Id. at 741 (footnote omitted).*fn3 Two judges concurred and five judges dissented.*fn4 The Commissioner has appealed the Tax Court decision.*fn5

B.

The district court blazed a somewhat different trail. Judge Schwartz also concluded that prior decisions did not foreclose a result favorable to the taxpayers. He dealt at length with Southwest Consolidated, noting that it was decided under the Revenue Act of 1934, which treated stock acquisitions identically to asset acquisitions. 472 F. Supp. at 962. But subsequent changes in the reorganization statute have, he reasoned, destroyed that decision's precedential value. Id. at 963. The Air Reduction and Howard decisions, emphasizing the identity between stock and asset acquisitions, relied on Southwest Consolidated to disallow consideration other than voting stock in stock acquisitions. Judge Schwartz found Air Reduction unpersuasive because it failed to give a reasoned elaboration for its conclusion. 472 F. Supp. at 962-63. Although Judge Schwartz recognized that the ninth circuit had examined the legislative history of clause B in Turnbow, he noted that the court's inquiry did not determine whether "solely" permits consideration other than voting stock, "but rather was aimed at demonstrating that there was some limitation on the presence of boot." Id. at 965. Similarly, he noted that in Mills v. Commissioner, 331 F.2d 321 (5th Cir. 1964), the fifth circuit addressed an issue other than the "solely" requirement in concluding that cash payments for fractional shares were not "consideration" in the sense prohibited by clause B. 472 F. Supp. at 965. Finally, he disapproved Lutkins v. United States, 312 F.2d 803, 160 Ct.Cl. 648, cert. denied, 375 U.S. 825, 84 S. Ct. 65, 11 L. Ed. 2d 57 (1963), because it relied entirely on Southwest Consolidated and Howard as the rationale for disallowing cash in a stock for stock exchange. 472 F. Supp. at 965-66. He interpreted the Supreme Court's decision in Turnbow as expressly reserving the issue. Id. at 966.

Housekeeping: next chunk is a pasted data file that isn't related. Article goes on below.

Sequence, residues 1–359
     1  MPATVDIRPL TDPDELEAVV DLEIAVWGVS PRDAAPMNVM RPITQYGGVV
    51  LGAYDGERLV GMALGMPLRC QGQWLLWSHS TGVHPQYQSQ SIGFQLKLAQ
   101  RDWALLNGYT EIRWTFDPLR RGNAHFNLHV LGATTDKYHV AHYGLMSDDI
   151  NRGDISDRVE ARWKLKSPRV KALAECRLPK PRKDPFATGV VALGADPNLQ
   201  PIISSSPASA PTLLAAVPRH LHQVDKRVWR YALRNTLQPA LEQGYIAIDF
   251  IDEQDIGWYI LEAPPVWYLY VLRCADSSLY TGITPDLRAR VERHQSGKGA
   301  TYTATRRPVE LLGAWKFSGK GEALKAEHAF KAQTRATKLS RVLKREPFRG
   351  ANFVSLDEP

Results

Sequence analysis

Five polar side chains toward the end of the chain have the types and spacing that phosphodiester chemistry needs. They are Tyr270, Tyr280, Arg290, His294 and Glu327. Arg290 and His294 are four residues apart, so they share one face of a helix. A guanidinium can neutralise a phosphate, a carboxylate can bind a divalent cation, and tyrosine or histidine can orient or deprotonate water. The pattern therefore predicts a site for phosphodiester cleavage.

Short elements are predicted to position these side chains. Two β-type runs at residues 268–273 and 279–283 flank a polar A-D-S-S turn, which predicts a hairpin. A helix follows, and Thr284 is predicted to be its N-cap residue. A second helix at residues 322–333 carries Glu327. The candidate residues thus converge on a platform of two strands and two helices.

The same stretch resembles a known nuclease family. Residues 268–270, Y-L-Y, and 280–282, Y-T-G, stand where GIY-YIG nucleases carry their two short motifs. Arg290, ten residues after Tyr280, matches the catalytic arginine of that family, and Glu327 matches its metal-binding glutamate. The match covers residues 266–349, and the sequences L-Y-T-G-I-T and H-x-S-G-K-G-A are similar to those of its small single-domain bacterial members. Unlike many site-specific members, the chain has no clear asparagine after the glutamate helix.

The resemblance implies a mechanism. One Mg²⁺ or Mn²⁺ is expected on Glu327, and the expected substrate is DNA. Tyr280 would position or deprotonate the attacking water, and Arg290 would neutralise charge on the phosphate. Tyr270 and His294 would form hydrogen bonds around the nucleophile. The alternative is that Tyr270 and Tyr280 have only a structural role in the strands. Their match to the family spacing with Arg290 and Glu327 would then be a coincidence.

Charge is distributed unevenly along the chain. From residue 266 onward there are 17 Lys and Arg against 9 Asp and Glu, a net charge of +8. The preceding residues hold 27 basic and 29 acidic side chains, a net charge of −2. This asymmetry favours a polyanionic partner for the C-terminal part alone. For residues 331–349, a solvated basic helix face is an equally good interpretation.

After concluding that no prior decisions were of precedential value, Judge Schwartz analyzed the legislative history of clause B. He noted that the ninth circuit's analysis of the legislative history in Turnbow hinged on its assumption that the amendment to clause C allowing some nonstock consideration in asset acquisitions necessarily implied an intent not to allow other consideration in stock acquisitions. He rejected this assumption, however, because Congress may have been unaware of a settled judicial interpretation of clause B when it amended clause C. Instead of relying on specific citations to the legislative history, he relied on the "principal policy underlying the statutory scheme that of facilitating corporate reorganizations," and noted that allowing some consideration other than voting stock in clause B reorganizations would be advantageous in effecting reorganizations. Id. at 973. He also analogized clause B to clause C, noting that "(if) Congress was content to permit up to twenty percent boot in a (C) reorganization, it must be assumed a fortiori that an equivalent amount of boot was permissible in a (B) reorganization, absent a clear rule to the contrary of which Congress must have been aware." Id. at 973 (footnote omitted). Finally Judge Schwartz reasoned that allowing consideration other than voting stock under clause B would, in view of the "creeping control" amendment to clause B in the 1954 Code, create a "well-ordered universe" in the reorganization sections of the Internal Revenue Code. Id. at 974 (quoting Merritt, Tax-Free Corporate Acquisitions The Law and the Proposed Regulations, 53 Mich.L.Rev. 911, 933 (1955)). These considerations, he concluded, dictated a construction of clause B that allows up to twenty percent nonstock consideration so long as the acquiring corporation acquires at least eighty percent of the target corporation's stock solely for its own voting stock.